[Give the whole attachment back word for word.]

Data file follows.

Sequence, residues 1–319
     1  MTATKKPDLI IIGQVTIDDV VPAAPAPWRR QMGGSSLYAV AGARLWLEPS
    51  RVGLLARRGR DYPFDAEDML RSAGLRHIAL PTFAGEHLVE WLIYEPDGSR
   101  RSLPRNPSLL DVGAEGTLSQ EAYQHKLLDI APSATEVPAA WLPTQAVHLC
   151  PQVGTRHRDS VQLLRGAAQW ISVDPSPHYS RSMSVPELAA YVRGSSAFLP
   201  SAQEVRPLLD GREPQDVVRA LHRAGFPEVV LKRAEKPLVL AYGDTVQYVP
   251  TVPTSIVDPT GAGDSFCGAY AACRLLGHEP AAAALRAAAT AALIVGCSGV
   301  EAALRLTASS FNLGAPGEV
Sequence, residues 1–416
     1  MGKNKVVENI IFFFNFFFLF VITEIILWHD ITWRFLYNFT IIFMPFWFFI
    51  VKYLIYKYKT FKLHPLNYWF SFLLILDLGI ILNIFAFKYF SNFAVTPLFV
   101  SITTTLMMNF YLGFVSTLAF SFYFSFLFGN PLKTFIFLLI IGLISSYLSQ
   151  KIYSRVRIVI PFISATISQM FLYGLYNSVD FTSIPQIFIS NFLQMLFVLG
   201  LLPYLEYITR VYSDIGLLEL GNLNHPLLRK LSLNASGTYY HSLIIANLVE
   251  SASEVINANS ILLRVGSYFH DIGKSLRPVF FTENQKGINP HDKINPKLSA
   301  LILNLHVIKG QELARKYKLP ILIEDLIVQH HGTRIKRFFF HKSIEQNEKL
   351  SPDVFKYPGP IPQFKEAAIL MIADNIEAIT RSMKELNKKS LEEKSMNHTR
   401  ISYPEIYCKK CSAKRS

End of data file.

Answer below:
Sequence, residues 1–319
     1  MTATKKPDLI IIGQVTIDDV VPAAPAPWRR QMGGSSLYAV AGARLWLEPS
    51  RVGLLARRGR DYPFDAEDML RSAGLRHIAL PTFAGEHLVE WLIYEPDGSR
   101  RSLPRNPSLL DVGAEGTLSQ EAYQHKLLDI APSATEVPAA WLPTQAVHLC
   151  PQVGTRHRDS VQLLRGAAQW ISVDPSPHYS RSMSVPELAA YVRGSSAFLP
   201  SAQEVRPLLD GREPQDVVRA LHRAGFPEVV LKRAEKPLVL AYGDTVQYVP
   251  TVPTSIVDPT GAGDSFCGAY AACRLLGHEP AAAALRAAAT AALIVGCSGV
   301  EAALRLTASS FNLGAPGEV
Sequence, residues 1–416
     1  MGKNKVVENI IFFFNFFFLF VITEIILWHD ITWRFLYNFT IIFMPFWFFI
    51  VKYLIYKYKT FKLHPLNYWF SFLLILDLGI ILNIFAFKYF SNFAVTPLFV
   101  SITTTLMMNF YLGFVSTLAF SFYFSFLFGN PLKTFIFLLI IGLISSYLSQ
   151  KIYSRVRIVI PFISATISQM FLYGLYNSVD FTSIPQIFIS NFLQMLFVLG
   201  LLPYLEYITR VYSDIGLLEL GNLNHPLLRK LSLNASGTYY HSLIIANLVE
   251  SASEVINANS ILLRVGSYFH DIGKSLRPVF FTENQKGINP HDKINPKLSA
   301  LILNLHVIKG QELARKYKLP ILIEDLIVQH HGTRIKRFFF HKSIEQNEKL
   351  SPDVFKYPGP IPQFKEAAIL MIADNIEAIT RSMKELNKKS LEEKSMNHTR
   401  ISYPEIYCKK CSAKRS